St. Louis Sports Online

Eric Niederhoffer 

St. Louis SportsOnline

columnist & principal photographer

William Jefferson Clinton, the St. Louis Cardinals & Information Overkill August 1998

On my way home from Thursday night's game against the Atlanta Braves, a game in which the Cards looked as if they were going to return a favor that the Florida Marlins delivered to them not more than 24 hours earlier (NB: Marlins had beaten the Cards 7-6 after trailing 6-0 in the ninth. They lost 6-4 to the Braves after trailing 6-0 in the ninth.), I was enjoying the post-game wrap-up hosted by one of my favorite radio voices, Randy Karraker.

As listeners of KMOX radio are well aware, Karraker receives calls from the local sports fans during the show and attempts, quite successfully, to provide well informed responses. Compared to other radio personalities (Karraker may not think of himself as a personality), I find him easy to listen to and usually armed with information that would define me as ignorant.

A particular caller was concerned with the impact of pitching and situational players on the team's success, this season and over the next few years. Comments were offered on the trading of Todd Stottlemyre, potential trading of Brian Jordan, and stand-in position of John Mabry to name a few.

Karraker made some comments that resonated with me while I was passing the congestion on I-64 near the Collinsville exit (it's much better to have congestion at night after a failed attempt by the Cardinals rather than during the day when we're on our way to work or visiting loved ones).

The exchange between Karraker and the caller suggested that Todd Stottlemyre was not a good investment at his salary even though he provided "good leadership" for the ballclub (even though the Cards stand a good chance to resign him as a free agent after this season). Much better to get a non-leader who has a stronger arm with better stamina throughout the season. Likewise, at Brian Jordan's price tag of $7 million per year for two years (the type of deal that would be needed to keep him in a Cardinal uniform), we would be better off with younger players, those with proven situational performance (for those unfamiliar with the term "situational," think about having a hitter who excels at placing the ball where the fielders are not, with men on base). And consider the secondary role of John Mabry, that of an understudy who has been patiently waiting for his opportunities to be in the starting lineup everyday.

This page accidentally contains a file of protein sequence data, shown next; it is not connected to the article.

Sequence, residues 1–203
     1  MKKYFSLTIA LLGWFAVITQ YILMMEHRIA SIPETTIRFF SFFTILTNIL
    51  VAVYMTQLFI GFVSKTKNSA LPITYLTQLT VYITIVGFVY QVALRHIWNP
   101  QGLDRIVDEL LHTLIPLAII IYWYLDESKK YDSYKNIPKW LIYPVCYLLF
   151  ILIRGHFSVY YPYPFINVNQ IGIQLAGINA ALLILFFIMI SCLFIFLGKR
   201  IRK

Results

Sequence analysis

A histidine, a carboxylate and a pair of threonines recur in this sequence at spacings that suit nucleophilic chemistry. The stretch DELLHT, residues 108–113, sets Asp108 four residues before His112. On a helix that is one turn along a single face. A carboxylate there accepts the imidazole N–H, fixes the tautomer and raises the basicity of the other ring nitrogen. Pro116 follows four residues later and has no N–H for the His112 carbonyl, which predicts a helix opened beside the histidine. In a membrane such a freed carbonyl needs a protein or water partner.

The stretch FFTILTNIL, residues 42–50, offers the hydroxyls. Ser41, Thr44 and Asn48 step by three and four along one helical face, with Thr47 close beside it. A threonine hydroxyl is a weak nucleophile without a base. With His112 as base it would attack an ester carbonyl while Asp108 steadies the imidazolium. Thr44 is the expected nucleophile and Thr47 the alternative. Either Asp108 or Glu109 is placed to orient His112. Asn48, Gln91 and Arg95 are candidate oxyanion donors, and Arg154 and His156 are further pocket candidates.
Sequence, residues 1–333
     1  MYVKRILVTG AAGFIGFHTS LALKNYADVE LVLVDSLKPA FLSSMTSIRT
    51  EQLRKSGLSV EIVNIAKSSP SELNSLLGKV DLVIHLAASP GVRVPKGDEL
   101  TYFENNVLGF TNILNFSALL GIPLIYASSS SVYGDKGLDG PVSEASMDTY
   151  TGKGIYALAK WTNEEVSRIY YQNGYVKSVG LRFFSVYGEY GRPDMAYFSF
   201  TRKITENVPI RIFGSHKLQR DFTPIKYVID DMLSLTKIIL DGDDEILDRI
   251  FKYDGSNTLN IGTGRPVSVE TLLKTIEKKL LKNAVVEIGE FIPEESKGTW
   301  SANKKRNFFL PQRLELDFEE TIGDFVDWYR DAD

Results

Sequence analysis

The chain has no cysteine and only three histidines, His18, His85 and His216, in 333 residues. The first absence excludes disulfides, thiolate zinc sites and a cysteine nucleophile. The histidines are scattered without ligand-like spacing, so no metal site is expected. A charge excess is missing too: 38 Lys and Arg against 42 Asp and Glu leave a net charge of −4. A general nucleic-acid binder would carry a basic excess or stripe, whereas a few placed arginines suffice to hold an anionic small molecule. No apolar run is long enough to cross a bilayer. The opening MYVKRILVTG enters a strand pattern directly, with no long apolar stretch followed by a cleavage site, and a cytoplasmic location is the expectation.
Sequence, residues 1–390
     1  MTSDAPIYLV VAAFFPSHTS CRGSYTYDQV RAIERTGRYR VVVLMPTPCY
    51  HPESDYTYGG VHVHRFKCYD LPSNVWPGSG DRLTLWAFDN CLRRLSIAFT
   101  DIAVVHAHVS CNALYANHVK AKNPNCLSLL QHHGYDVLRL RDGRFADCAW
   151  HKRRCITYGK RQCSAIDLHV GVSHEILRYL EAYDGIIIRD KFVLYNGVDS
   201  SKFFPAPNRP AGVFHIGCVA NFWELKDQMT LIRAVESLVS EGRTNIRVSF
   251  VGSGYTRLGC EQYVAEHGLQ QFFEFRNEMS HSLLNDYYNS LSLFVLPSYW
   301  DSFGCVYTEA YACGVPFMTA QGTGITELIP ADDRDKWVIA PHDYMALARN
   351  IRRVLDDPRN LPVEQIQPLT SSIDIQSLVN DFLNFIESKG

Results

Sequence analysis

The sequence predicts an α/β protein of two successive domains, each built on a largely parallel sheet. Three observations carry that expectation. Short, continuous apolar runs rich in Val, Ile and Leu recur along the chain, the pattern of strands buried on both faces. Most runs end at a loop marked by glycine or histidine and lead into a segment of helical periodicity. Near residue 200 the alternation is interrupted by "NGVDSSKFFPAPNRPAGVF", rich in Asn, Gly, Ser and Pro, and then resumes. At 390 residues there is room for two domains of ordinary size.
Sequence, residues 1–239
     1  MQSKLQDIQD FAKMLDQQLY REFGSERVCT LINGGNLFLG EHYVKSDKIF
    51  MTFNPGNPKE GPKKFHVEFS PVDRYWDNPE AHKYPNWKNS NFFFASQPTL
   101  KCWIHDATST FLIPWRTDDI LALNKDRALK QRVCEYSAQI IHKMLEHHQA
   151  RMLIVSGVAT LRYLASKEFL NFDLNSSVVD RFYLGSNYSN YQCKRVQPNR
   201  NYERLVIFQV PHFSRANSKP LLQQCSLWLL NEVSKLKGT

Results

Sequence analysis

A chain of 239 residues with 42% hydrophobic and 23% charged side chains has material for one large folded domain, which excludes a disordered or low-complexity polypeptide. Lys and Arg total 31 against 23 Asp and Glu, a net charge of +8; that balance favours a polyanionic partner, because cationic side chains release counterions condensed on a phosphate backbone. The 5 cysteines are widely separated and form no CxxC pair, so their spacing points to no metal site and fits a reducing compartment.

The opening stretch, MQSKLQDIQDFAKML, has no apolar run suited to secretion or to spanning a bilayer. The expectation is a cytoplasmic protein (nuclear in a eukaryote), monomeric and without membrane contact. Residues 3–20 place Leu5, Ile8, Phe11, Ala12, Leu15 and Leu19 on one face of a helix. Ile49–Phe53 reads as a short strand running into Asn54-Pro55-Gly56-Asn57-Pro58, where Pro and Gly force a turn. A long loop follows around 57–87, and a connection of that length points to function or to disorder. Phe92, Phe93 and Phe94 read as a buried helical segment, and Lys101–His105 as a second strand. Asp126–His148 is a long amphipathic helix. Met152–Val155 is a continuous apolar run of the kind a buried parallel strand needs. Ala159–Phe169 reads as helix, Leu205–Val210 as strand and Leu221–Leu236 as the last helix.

The picture forming in my mind during the drive home was one that I really didn't want to think about.

What does it take for a team to be entertaining for the typical fan? Do the fans need to know the details on each player and if they know, will that make the game more enjoyable? What should happen while I'm sitting in Busch Stadium? Should I be weighing the character profile on each player as he comes to bat or is on the field?

It reminds me of the story I heard several years ago. A young child, who had been watching a card trick for many years, finally asked his grandfather to reveal how it was performed. Now in possession of the "trick" the young person no longer approached that activity with the same youthful energy. Maybe that's the natural progression of things.

Here's my bottom line. I enjoy baseball, more so when the weather is nice and the temperature is hovering in the low 80's with a cool breeze against my face. I assume that the guys on the field make a pretty good living and are interested in delivering entertainment and a demonstration of their collective athletic skills to me and the other fans for 3 hours or so. But it also seems that I am encouraged to think about aspects of the game that have less to do with the physical ability necessary to score or prevent runs and more to do with personal characteristics of the players.

Don't get me wrong. Am I upset if a player has been shown to beat his wife or kids, has displayed unethical conduct or participated in illegal activities? You bet I am. They should know better. As has been written about many times previously, they ARE role models, or put a different way, they ARE in positions that TEACH SOMETHING IMPORTANT TO US. You can't wish that away or transform it with modern-day psychobabble. What is happening is that someone is trying to redefine what the "something important" is.

It also seems to me that there is a connection to our President, William Jefferson Clinton. How much do I need to know about what the President does both publicly and in his personal life? I voted for him because I thought he would do a better job than the other choices. But I also assumed that he would preserve the office of the President and continue my perception of an honorable office holder. He said he was just like me (like any American). But I don't think he and I are alike and I don't think that I should be able to do the things that have been suggested are true of him in my life.

But is that what is takes to be a baseball player, a baseball fan, a President of the United States.........

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